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Mr. Alexander D Klemm
This paper provides an overview of full and partial allowance for corporate equity (ACE) tax systems in practice. In the recent past, ACE systems have been used in Austria, Croatia, and Italy. Brazil still applies a variant of such a system and Belgium introduced one this year. This paper summarizes the empirical literature on past ACE systems, and provides a theoretical and empirical assessment of the Brazilian ACE variant. The main finding is that the Brazilian reform introduced an ACE system for a minority of firms only, with the majority instead having a system of dividend deductibility. Despite the reduction in the tax preference for debt finance, capital structures have not changed much, but dividends have increased. Investment appears to have benefited from the reform, although the extent to which this was due to the new structure rather than the tax cut is unclear.
International Monetary Fund


International standards for measuring foreign direct investment (FDI) have become important in today’s global economy, where multinational enterprises exercise economic clout and FDI statistics can reflect investor sentiment about the climate of investment in a country. This joint IMF/OECD report assesses progress toward standardization in the compilation of FDI statistics and provides information on statistical methodologies in 61 countries. The report is based on data from the 2001 update of the joint IMF/OECD Survey of Implementation of Methodological Standards for Direct Investment (SIMSDI), which covers 30 OECD countries and 31 other IMF member countries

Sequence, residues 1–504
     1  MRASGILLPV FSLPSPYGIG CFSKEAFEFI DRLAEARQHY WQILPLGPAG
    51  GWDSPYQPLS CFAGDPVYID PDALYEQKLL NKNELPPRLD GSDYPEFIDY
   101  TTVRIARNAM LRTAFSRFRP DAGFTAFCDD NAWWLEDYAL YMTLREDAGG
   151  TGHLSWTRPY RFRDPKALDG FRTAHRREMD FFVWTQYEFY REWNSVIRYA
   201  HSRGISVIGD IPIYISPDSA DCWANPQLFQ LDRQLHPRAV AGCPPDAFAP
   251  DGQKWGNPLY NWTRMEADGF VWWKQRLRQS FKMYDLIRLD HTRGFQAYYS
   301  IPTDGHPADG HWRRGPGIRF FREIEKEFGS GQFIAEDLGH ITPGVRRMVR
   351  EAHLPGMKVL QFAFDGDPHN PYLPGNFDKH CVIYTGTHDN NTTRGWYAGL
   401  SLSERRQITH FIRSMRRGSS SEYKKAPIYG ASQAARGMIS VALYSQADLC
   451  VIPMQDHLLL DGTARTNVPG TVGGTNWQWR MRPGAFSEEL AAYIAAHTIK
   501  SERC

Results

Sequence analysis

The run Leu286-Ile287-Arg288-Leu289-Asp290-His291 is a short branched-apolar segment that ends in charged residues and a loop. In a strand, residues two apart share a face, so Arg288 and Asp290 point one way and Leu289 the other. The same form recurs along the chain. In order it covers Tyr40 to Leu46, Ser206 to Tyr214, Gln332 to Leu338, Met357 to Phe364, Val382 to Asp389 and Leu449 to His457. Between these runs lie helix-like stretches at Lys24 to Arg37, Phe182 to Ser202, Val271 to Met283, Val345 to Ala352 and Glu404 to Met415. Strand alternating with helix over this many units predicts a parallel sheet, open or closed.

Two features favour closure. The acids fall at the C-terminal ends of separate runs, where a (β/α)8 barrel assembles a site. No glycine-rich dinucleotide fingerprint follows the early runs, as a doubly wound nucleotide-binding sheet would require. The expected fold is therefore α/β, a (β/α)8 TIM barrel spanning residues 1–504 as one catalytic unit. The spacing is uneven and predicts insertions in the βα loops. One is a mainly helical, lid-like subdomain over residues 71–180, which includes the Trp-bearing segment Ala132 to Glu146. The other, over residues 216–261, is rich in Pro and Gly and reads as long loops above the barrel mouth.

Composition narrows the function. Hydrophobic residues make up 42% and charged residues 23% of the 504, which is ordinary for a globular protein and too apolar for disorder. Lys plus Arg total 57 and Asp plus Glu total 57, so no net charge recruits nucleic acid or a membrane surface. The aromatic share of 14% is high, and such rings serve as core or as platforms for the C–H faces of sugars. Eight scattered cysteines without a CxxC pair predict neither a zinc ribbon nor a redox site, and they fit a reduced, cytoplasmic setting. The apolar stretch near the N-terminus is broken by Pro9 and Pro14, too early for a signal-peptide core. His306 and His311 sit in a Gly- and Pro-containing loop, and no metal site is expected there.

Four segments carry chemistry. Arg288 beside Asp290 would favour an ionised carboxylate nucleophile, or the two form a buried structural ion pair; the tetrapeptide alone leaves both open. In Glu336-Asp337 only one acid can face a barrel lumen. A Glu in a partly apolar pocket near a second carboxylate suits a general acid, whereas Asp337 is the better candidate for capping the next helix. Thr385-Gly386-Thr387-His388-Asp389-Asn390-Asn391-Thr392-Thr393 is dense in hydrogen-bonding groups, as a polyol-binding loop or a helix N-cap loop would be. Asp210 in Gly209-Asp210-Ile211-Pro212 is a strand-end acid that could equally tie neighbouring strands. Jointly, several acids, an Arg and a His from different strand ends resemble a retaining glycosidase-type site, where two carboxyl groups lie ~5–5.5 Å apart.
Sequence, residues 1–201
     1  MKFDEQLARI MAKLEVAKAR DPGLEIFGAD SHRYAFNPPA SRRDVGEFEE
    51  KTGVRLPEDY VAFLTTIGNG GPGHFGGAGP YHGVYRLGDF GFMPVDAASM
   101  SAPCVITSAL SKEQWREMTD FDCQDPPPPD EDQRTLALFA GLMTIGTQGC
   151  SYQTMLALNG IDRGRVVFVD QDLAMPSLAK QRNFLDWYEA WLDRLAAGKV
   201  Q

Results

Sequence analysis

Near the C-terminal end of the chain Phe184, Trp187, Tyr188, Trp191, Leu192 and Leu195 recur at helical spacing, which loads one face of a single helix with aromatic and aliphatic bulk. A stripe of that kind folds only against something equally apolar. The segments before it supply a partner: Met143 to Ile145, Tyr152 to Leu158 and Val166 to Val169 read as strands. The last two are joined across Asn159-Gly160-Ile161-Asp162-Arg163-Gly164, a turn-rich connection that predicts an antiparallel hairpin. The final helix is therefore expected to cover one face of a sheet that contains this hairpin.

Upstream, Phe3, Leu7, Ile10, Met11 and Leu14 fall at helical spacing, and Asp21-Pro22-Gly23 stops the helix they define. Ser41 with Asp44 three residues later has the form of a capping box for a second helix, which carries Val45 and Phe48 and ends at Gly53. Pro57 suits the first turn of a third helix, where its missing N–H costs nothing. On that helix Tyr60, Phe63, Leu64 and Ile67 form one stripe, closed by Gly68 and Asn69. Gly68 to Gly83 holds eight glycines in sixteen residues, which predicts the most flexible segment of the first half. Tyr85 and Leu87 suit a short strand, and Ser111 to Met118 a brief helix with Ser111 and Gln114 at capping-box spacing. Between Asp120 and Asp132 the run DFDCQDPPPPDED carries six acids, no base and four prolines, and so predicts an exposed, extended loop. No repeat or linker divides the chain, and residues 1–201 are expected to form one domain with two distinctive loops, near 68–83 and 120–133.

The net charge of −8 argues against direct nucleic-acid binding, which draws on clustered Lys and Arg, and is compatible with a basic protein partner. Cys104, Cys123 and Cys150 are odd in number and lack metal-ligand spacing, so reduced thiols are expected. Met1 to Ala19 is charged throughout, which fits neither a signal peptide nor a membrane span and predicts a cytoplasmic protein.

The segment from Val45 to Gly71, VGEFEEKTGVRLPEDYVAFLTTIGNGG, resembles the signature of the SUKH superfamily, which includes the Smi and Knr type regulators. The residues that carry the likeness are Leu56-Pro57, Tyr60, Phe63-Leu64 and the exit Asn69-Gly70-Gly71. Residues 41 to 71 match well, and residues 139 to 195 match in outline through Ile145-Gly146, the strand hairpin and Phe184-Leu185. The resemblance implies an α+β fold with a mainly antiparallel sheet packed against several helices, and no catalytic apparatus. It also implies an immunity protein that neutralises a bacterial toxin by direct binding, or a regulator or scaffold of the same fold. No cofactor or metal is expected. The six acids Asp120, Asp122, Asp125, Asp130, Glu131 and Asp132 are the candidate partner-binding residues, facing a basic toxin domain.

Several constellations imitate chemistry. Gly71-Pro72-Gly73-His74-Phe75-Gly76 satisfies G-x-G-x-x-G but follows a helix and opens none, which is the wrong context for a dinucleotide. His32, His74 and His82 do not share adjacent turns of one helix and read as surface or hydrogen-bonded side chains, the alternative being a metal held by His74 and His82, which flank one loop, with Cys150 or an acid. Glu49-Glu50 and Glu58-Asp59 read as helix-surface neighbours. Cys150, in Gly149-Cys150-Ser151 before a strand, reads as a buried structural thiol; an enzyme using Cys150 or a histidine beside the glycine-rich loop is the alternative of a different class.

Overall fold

International Monetary Fund
This paper presents key findings of the Financial System Stability Assessment for the Republic of Croatia, including Reports on the Observance of Standards and Codes on Banking Supervision, Payments Systems, Securities Regulation, Insurance Regulation, and Monetary and Financial Policy Transparency. The financial system of Croatia is now more resilient and seems better prepared to cope with moderate shocks. The larger banks are generally better capitalized, and their risk management capacity has improved. The economy, however, remains highly euroized and susceptible to shifts in residents’ sentiments toward the local currency.